Upcoming Exhibits

David Friedmann: Painting to Survive

April 1 – June 27

Exhibiting the works of David Friedmann (1893-1980) whose talent for portraiture played a central role throughout his career and saved his life during the Holocaust.

Born in Mährisch Ostrau, Austria-Hungary (today Ostrava, Czech Republic), Friedmann moved to Berlin and became a successful artist. When Nazi persecution of Jews began in 1933, he was no longer permitted to work and ordered to remove his art from the galleries. In 1938, Friedmann fled with his family to Prague, only to be deported in 1941 to the Lodz Ghetto, then to camps Auschwitz-Birkenau and Gleiwitz I. Nazi authorities looted his oeuvre of 2,000 works in Berlin and Prague.

Friedmann survived a Death March to Camp Blechhammer, where he was liberated in January 1945 by the Red Army. Torn from his memories, he created the powerful series, Because They Were Jews! The artwork shows the evolution of the Holocaust from his deportation to the ghetto and several concentration camps until liberation. He supplemented his testimony with descriptions of the scenes portrayed in his works to create a singularly detailed pictorial and written record. His postwar journey led from Czechoslovakia to Israel to the United States.

After his death, his daughter Miriam Friedman Morris collected and organized his works which have been displayed worldwide. Numerous pieces of the collection are available online and on display at the Holocaust History Museum, Yad Vashem, Jerusalem.

The exhibition at the Holocaust Memorial Resource and Education Center of Florida presents a rare opportunity for area visitors to see so much of the collection in one exhibition.

IMAGE: A Little Happiness Around the Oven During a Sad Time in Lodz Ghetto
Copyright ©1989 Miriam Friedman Morris
All Rights Reserved

Dates are tentative and subject to change. Please call 407-628-0555 to confirm exact dates

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Remembering Ravensbruck

July 6 – September 25

Remembering Ravensbruck highlights the unique experiences of women in the Holocaust. Every Jew who was captured and forced to endure the hardships of slave labor camps suffered enormously. This exhibit silently tells the story of the special suffering of women and girls who were sent to this terrifying place.

Created by the Kennesaw State University Public History and German Studies Programs and the Ravensbrück Memorial Site, it tells the story of the Nazi concentration camp where more than 150,000 women were interred.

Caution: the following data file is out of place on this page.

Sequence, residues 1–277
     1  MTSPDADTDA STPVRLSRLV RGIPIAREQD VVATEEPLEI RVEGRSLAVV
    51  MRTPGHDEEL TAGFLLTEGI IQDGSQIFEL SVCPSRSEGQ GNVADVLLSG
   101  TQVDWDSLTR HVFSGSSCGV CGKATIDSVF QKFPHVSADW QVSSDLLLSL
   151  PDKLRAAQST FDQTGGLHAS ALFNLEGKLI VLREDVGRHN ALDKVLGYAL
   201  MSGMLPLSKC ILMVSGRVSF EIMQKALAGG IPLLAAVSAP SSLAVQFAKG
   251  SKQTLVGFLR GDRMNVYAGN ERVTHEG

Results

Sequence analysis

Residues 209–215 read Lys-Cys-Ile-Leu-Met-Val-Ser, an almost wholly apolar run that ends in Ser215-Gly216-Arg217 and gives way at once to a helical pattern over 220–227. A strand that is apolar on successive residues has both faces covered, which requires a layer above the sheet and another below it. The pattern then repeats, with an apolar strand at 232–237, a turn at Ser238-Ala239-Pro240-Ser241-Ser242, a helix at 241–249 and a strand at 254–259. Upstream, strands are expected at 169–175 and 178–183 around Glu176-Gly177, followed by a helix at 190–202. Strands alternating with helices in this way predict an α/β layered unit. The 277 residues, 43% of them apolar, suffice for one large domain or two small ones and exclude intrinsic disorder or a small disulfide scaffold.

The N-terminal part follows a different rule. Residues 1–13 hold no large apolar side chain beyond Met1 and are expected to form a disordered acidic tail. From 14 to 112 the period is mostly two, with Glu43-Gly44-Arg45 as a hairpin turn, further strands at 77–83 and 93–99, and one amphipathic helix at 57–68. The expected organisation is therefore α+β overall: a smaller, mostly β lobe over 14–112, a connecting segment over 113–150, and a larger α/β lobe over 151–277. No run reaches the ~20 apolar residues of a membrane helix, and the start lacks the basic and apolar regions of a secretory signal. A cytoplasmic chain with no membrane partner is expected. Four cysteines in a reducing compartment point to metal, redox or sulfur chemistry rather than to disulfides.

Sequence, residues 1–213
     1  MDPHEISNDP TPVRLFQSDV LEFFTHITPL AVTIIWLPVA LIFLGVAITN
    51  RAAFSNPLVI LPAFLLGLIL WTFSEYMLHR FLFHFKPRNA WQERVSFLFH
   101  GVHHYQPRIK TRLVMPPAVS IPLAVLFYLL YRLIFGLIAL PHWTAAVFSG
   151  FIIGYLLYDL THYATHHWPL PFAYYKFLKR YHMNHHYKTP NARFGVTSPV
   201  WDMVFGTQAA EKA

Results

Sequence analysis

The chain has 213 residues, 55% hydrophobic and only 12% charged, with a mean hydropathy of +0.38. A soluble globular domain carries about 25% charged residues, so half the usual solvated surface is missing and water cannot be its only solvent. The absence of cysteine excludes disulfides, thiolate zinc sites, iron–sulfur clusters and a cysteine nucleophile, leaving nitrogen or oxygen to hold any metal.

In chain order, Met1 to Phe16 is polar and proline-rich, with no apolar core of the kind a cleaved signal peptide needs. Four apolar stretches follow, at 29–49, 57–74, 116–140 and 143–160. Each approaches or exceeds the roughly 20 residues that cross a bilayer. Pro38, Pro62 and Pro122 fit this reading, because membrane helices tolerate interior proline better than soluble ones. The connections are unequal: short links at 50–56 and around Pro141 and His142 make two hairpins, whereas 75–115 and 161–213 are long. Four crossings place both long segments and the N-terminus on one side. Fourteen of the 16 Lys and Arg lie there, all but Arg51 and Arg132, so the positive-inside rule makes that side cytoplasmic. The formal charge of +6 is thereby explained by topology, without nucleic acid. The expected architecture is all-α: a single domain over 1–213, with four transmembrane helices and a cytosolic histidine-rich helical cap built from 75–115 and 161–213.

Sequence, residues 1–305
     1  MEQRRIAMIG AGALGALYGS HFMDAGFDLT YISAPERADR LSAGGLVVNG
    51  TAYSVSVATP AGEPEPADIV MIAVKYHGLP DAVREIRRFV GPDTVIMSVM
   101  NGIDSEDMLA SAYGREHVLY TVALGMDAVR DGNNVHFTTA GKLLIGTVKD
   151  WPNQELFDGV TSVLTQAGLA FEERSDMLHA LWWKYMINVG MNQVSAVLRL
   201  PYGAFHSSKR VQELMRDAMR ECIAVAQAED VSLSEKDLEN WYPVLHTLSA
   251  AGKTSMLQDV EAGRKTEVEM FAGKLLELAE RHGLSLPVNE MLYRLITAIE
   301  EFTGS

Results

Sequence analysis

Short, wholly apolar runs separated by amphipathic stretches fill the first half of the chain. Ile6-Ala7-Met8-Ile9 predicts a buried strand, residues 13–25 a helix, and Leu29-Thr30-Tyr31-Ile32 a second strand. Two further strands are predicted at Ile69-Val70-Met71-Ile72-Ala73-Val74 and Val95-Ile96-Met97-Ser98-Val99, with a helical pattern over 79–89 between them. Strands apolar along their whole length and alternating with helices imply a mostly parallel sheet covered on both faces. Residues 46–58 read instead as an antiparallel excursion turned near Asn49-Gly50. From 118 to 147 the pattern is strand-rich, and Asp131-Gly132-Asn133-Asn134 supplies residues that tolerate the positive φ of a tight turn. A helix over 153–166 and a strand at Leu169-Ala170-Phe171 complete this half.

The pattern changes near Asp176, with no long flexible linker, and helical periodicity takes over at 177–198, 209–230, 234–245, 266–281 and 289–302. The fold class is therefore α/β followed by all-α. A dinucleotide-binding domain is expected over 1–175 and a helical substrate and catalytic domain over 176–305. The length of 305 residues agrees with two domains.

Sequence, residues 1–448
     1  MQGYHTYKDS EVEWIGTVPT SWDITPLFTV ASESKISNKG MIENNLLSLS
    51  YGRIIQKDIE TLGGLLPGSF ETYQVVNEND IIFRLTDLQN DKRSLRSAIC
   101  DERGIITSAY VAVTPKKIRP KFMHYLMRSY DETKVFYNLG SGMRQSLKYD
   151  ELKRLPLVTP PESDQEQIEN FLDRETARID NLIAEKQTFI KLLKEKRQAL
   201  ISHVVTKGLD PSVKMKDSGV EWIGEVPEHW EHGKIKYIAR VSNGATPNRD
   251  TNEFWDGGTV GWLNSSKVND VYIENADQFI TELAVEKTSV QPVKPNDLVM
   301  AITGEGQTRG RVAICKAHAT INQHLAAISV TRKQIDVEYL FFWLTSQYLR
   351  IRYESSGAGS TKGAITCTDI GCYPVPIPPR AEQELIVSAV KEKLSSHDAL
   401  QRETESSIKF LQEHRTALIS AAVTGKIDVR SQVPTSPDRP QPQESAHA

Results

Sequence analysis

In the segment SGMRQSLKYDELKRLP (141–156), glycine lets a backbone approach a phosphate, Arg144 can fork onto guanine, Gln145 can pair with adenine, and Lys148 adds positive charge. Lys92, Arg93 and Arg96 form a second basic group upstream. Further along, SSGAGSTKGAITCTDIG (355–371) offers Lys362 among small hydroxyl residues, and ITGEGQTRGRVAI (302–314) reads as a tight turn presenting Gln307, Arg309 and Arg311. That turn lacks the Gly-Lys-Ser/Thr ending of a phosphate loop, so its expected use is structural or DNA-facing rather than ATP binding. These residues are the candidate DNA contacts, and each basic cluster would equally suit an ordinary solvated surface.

The panel-based exhibition features historic photographs, maps, and artwork created by the prisoners, highlighting the stories of individual women imprisoned at the camp as well as female guards who willingly implemented the Nazi “Final Solution.”

Dates are tentative and subject to change. Please call 407-628-0555 to confirm exact dates

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Myriam Brysk: Scrolls of Remembrance

October 5 – December 30

We are pleased to present the area premiere of the newest works of Miriam Brysk, an exhibit entitled The Scroll of Remembrance. This is the third exhibition created by Dr. Brysk, a Holocaust Survivor and retired professor living in Ann Arbor Michigan. Her previous works – In a Confined Silence and Children of the Holocaust, have been displayed here and were highly acclaimed.

Brysk has created a unique process for creating the works: using digitally altered and blended photographs of lost people and places, layered with added details that evoke the humanity lost to hate. Brysk will be available to speak at an opening reception for the works and will discuss both the techniques and history behind her artistic choices.

Dates are tentative and subject to change. Please call 407-628-0555 to confirm exact dates

The Holocaust Memorial Resource and Education Center of Florida · 851 N Maitland Ave · Maitland, FL 32751 · Phone: 407-628-0555 · info@holocaustedu.org